Kropotkin, Petr Alekseevich
Born Nov. 27 (Dec. 9), 1842, in Moscow; died Feb. 8, 1921, in Dmitrov; buried in Moscow. Russian revolutionary; one of the theoreticians of anarchism; sociologist, geographer, and geologist. Son of a general who was a wealthy landowner from an old princely family.
Kropotkin was a chamber page to the tsar. After graduating from the Corps of Pages in 1862, he served in the Mounted Cossacks of the Amur and subsequently became commissioner for special affairs under the governor-general of Eastern Siberia. In 1864 he traveled in unexplored regions of northern Manchuria, and in 1865 he went along the northern slope of the Vostochnyi Saian. In 1866 he explored the Patom and Vitim plateaus (the Olekminsk-Vitim expedition of the Russian Geographical Society). At the end of the expedition Kropotkin retired from the civil service (1867) and studied in the physics and mathematics faculty at the University of St. Petersburg. He served on the Statistical Committee of the Ministry of Internal Affairs.
Influenced to a significant extent by Kolokol and Sovremennik,Kropotkin’s democratic views took shape while he was still in the Corps of Pages and developed further during his stay in Siberia, where he observed the life of the people and witnessed the Irkutsk court-martial of the participants in the Krugobaikal Uprising (1866). Later, the revolutionary movement in Western Europe (especially the Paris Commune of 1871), the work of the First International, and his reading of socialist literature imparted a revolutionary character to his views. In the beginning of 1872, after visiting Belgium and Switzerland, he aligned himself with the Bakuninist wing of the International. Returning to Russia in May, he joined the Chaikovskii circle.
Kropotkin did propaganda work among the St. Petersburg workers and drew up the memorandum “Ought We to Occupy Ourselves With a Consideration of the Ideal of the Future System?” (1873), which reflected the anarchistic direction of his views. Arrested and imprisoned in the Peter and Paul Fortress in 1874, he escaped from a prison hospital in 1876 and emi-grated. He spent more than 40 years in exile.
In 1879, Kropotkin began publishing the newspaper Le Révolté in Geneva. He was expelled from Switzerland in 1881. At the Lyon trial of anarchists two years later, he was sentenced to five years in prison. Public protests induced the French government to free him from prison in 1886. Having settled in Great Britain, he occupied himself with the theoretical elaboration of the problems of anarchism and with scholarly work in sociology, biology, and geography. He contributed to the Parisian journals La Révolte and Les Temps nouveaux, founded in London the newspaper Freedom, and was one of the trustees of a foundation that assisted Russian émigrés.
To establish his doctrine, which he called anarchistic communism, Kropotkin wrote several works in French and English, including Words of a Rebel (1885; Russian translation, 1906), Bread and Freedom (1892; Russian translation, 1902), Anarchism: Its Philosophy, Its Ideal (1896; Russian translation, 1900), and Modern Science and Anarchism (1913; Russian translation, 1918).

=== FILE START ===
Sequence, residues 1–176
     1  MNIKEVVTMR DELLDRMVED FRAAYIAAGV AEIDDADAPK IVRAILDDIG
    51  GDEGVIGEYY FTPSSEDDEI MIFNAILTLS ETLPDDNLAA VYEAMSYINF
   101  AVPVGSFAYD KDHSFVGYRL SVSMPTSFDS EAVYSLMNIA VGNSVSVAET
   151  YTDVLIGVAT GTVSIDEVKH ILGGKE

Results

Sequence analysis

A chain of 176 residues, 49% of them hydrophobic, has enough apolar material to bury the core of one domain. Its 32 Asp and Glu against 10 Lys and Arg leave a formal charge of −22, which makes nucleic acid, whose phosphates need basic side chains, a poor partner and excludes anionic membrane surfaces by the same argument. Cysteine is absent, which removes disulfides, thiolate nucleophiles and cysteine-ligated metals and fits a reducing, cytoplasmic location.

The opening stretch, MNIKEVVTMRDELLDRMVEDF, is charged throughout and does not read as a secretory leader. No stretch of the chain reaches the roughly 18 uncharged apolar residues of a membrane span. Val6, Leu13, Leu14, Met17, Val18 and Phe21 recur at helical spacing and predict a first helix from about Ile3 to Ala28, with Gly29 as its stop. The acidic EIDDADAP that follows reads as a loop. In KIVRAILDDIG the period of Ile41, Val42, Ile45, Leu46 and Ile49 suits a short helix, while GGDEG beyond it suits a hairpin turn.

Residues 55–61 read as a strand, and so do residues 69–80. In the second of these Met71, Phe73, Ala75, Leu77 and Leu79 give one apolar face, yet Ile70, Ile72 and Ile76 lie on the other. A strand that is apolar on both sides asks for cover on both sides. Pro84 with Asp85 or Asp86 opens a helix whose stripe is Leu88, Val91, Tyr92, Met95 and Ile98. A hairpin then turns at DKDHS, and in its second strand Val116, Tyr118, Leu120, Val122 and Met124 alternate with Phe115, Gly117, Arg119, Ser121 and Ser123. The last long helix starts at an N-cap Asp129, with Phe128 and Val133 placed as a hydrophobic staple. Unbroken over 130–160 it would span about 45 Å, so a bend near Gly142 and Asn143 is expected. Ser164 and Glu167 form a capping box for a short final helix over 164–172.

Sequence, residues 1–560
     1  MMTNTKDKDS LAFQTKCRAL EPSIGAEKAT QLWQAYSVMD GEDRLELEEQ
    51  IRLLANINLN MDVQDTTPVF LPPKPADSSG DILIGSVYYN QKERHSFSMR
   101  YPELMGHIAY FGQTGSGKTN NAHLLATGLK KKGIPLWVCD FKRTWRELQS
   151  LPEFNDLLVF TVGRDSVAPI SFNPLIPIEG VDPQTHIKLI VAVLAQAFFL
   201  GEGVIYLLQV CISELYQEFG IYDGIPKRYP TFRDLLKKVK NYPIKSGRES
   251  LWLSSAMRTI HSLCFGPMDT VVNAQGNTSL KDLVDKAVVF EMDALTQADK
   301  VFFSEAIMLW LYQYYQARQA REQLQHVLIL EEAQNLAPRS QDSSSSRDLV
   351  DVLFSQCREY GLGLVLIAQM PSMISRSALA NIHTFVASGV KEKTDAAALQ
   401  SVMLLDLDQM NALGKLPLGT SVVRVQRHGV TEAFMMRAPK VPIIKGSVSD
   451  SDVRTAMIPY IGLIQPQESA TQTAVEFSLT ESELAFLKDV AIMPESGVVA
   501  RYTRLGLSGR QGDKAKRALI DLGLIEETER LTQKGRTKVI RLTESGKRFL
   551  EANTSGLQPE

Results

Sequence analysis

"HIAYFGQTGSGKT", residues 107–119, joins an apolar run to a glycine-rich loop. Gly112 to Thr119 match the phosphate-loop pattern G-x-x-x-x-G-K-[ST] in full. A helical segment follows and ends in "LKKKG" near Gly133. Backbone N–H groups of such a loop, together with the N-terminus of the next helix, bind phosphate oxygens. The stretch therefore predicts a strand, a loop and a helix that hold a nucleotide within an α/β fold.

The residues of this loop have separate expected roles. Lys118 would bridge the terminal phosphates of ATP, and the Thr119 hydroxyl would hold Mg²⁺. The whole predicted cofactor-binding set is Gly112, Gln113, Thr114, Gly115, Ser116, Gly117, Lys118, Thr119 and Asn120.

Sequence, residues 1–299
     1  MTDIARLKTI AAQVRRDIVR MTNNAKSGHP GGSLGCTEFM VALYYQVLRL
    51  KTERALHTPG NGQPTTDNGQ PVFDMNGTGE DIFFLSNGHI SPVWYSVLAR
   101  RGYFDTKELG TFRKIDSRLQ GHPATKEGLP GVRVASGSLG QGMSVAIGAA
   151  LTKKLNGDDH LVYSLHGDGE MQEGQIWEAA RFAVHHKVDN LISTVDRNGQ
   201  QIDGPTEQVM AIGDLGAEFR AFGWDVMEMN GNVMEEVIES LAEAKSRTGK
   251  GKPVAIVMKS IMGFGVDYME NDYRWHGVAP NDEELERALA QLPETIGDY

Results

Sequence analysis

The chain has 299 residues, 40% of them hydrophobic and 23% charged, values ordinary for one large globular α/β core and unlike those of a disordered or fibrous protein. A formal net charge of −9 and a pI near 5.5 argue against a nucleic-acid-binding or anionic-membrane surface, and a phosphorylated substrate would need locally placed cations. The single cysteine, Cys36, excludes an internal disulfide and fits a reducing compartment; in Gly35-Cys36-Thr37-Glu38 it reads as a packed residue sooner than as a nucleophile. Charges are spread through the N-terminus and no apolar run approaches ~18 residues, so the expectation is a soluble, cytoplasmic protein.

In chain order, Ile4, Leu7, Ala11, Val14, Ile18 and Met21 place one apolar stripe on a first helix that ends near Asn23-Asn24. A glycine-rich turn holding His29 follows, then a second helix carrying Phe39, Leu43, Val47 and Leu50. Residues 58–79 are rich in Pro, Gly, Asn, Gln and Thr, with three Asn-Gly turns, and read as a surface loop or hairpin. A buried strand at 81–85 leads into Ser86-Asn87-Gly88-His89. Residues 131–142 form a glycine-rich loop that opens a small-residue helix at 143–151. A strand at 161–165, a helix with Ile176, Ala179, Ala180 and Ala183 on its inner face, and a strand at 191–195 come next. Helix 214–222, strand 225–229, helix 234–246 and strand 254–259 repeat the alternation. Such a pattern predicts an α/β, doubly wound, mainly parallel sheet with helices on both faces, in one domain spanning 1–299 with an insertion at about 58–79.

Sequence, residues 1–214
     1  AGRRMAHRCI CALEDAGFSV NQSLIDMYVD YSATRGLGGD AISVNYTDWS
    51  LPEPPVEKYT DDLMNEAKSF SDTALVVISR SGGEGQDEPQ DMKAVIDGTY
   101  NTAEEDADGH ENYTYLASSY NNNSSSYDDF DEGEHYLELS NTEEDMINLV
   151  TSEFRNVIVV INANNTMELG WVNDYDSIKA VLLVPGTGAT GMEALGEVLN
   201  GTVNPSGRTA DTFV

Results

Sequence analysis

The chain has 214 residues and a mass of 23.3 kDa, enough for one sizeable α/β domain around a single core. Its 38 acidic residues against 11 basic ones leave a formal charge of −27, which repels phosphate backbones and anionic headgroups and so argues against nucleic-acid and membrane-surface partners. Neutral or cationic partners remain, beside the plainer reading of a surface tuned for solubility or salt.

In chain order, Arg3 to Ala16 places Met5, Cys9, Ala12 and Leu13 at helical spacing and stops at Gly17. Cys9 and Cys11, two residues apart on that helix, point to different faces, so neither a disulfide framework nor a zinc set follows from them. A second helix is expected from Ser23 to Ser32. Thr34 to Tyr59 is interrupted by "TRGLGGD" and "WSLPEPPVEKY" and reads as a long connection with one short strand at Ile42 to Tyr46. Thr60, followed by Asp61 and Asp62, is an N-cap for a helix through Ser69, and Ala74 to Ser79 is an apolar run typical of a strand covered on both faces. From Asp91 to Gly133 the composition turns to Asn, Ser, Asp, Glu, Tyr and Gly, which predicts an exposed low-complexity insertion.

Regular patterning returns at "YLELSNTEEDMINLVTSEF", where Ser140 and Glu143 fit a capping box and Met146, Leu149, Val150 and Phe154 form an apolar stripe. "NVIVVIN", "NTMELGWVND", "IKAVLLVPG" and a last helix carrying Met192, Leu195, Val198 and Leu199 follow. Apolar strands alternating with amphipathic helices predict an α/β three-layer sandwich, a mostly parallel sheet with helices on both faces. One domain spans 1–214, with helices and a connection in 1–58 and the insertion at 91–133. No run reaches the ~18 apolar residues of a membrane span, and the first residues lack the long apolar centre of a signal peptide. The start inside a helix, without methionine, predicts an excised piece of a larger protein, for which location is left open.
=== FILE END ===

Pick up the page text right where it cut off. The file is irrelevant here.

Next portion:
Although he shared the basic principles of the fathers of anarchism, Kropotkin, unlike P. J. Proudhon, was an advocate of social revolution. He viewed it not as a spontaneous rebellion (M. A. Bakunin’s view) but as a conscious action of the people after they had been impregnated with the revolutionary idea. Kropotkin distinguished between two mutually antagonistic principles in society: the “people” and “authority.” The historical process consists of the struggle between the two. In his opinion, society moves forward by means of revolutionary leaps alternating with evolutionary processes. He considered the revolutionary creativity of the masses the chief content of the future social revolution, and he envisaged the future society as a union of free communities united by a free agreement.
According to Kropotkin, the immediate tasks of the social revolution are the expropriation of everything that does or can serve exploitation (including objects of consumption), the establishment of the barter of urban goods for agricultural products, and the integration of labor (that is, the land would be worked by townsmen as well as by rural people, and mental and physical work would be combined). In addition, education of the mind would be combined with physical labor. Kropotkin’s anarchocommunist utopia expressed the interests of the small producer.
Kropotkin’s doctrine of anarchism is directly linked with his ideas in the natural sciences. In biology his ideas on mutual aid as a factor in evolution and on the absence of an intraspecific struggle in nature represented the development of one of the most important trends in Darwinism. Having established that all forms of life depend on mutual aid and support, Kropotkin proceeded to apply this thesis to social life. At the same time, he recognized that both biological and social life are permeated with the principle of struggle. The social struggle is fruitful and progressive when, by destroying old forms, it promotes the emergence of new ones founded on the principles of freedom, justice, and solidarity. In Kropotkin’s opinion, the progressive struggle of the working people against the exploiters should not be transformed into a struggle for power, which, supposedly, inevitably degenerates into arbitrariness and despotism. His law of mutual aid and solidarity was the foundation for his ethical teachings. He saw the bases of human morality in solidarity, justice, and self-sacrifice, which sprang from the instinct of mutual aid, which man had acquired from the animal world. To counterbalance anarchic individualism, Kropotkin tried to construct a realistic ethics (a “physics of morals”).